Lisa Hemmie of Canton certainly isn't lacking positivity or poise.
A 43-year-old mother of two and veteran of the Marines, Hemmie brims with confidence when talking about bringing her crown as Mrs. Michigan to the national stage to compete for the title Mrs. America, a competition recognizing America's married women.
Hemmie will join 50 other contestants (the District of Columbia also is represented) from Aug. 23-29 to compete in Tucson, AZ. The winner then will advance to the Mrs. World pageant.
Already an active woman — she coaches cheerleaders at her business, and dabbles in the entertainment industry, working as project coordinator on the nationally syndicated children's television program, The Ariel & Zoey Show — Hemmie also devotes much of her time to volunteering.
"A lot of the responsibilities (of being Mrs. Michigan) are charity work and promoting," Hemmie said of her crown.
She said she hopes that by holding the crown, she can help other women pursue volunteerism.
"When you have a title or a crown on your head, it gives instant credibility," she said.
This credibility, she said, facilitates opportunities to volunteer with causes near and dear to her heart, including children with special needs — Hemmie has a nephew with autism — as well as promoting anti-bullying messages and helping veterans through efforts such as Toys for Tots.
But, Hemmie said, the crown doesn't define her efforts. It works quite the contrary, she said.
"It's your actions and who you are," she said.
Hemmie said she began preparing for Mrs. Michigan in November 2011, but didn't tell anyone until the months leading up to the March pageant in Grand Rapids.
"It was a personal journey," she said. "You get to be a certain age, you do some things differently. This was about personal growth for me."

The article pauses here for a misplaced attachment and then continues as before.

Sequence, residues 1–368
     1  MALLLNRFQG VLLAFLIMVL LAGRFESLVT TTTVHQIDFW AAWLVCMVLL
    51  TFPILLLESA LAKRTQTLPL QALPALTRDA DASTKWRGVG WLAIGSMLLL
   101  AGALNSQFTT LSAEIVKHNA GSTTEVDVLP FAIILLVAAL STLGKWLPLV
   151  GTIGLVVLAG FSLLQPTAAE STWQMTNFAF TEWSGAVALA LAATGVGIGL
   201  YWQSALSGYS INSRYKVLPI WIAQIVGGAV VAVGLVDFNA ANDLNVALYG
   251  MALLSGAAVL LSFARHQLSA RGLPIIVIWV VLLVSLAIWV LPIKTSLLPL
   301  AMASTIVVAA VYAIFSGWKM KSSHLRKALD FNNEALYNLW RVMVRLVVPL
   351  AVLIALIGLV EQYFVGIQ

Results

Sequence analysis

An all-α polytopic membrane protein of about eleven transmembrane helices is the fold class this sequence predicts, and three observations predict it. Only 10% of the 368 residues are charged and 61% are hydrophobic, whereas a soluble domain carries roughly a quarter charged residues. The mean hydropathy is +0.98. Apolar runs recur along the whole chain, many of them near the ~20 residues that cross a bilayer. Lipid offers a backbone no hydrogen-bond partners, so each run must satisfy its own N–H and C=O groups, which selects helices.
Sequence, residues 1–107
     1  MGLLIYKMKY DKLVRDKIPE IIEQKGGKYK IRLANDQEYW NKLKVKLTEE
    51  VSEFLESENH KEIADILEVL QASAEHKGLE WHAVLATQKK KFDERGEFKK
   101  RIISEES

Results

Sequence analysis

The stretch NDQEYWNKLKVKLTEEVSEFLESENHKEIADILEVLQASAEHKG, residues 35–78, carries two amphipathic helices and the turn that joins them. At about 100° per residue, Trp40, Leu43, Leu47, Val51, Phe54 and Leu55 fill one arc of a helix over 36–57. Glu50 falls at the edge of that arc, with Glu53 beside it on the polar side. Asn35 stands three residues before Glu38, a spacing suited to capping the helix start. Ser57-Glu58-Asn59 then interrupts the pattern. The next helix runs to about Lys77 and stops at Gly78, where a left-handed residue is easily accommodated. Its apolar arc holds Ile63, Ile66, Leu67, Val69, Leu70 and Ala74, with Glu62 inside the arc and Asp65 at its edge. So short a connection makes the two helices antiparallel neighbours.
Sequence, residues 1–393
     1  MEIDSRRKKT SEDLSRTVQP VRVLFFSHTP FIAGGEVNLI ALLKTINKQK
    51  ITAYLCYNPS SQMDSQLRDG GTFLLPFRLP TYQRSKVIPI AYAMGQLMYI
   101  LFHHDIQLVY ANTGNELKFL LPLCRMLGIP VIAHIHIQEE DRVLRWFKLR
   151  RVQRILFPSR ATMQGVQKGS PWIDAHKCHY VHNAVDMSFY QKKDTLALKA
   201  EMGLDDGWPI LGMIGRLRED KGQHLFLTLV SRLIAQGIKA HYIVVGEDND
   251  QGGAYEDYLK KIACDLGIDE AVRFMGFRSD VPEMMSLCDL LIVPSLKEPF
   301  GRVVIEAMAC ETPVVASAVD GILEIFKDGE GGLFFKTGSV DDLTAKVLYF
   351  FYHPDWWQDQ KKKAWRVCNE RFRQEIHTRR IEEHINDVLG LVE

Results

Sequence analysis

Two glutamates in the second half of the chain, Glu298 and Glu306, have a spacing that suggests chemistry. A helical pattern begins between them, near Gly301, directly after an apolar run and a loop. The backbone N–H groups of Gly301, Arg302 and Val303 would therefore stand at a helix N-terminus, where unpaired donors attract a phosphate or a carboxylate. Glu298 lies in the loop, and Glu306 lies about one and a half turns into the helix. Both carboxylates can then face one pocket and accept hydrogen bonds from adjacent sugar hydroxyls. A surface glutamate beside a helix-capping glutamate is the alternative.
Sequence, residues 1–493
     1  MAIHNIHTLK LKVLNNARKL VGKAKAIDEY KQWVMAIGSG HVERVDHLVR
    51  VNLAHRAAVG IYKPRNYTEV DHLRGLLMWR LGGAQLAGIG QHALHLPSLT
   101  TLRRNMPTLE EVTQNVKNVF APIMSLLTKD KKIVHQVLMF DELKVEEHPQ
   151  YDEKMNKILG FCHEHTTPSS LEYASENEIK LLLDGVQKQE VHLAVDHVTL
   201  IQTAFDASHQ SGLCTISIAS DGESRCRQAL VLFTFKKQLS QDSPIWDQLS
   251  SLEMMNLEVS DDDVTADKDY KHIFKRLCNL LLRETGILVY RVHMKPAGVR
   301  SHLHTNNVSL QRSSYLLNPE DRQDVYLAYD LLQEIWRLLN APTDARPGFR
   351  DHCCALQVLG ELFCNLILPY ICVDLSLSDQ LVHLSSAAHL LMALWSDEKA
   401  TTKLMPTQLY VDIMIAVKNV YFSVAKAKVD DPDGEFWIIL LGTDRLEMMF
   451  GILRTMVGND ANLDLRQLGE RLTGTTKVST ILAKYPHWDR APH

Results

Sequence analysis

Hemmie said she used the experience to enhance different areas of her life and finally, she said, she felt comfortable telling her loved ones about her pursuit of the state crown.
"When I was ready, I told people about it," she said. "I was very well-supported."
While like traditional pageants, the competition involves evening gown and swimwear attire, Hemmie said women are judged based on poise and confidence.
"It's about how you portray yourself with confidence onstage," she said.
More importantly, she said, the contestant interview weighs heavily, accounting for 40 percent of the total score.
"They look for you to be able to present the information in an articulate, well-spoken way," she said.
For her part, Hemmie said, she won the interview and bathing suit portions of the competition. But, she said, the competition is about poise more than anything else.
"It's not about being super-skinny," she said. "It's how you carry yourself and how you do it with confidence."
Hemmie leaves Aug. 23 for Tucscon, AZ, and will spend a week competing for the Mrs. America title through Aug. 29.
"I'm so excited," she said. "We're going to have a great time. I'm a little nervous, too, but I'm really looking forward to it."
She said she already has made friends during the statewide competition and has touched base with national contestants through outlets such as Facebook.
"I'm involved in a sisterhood that is unique and that I'll have for the rest of my life," she said.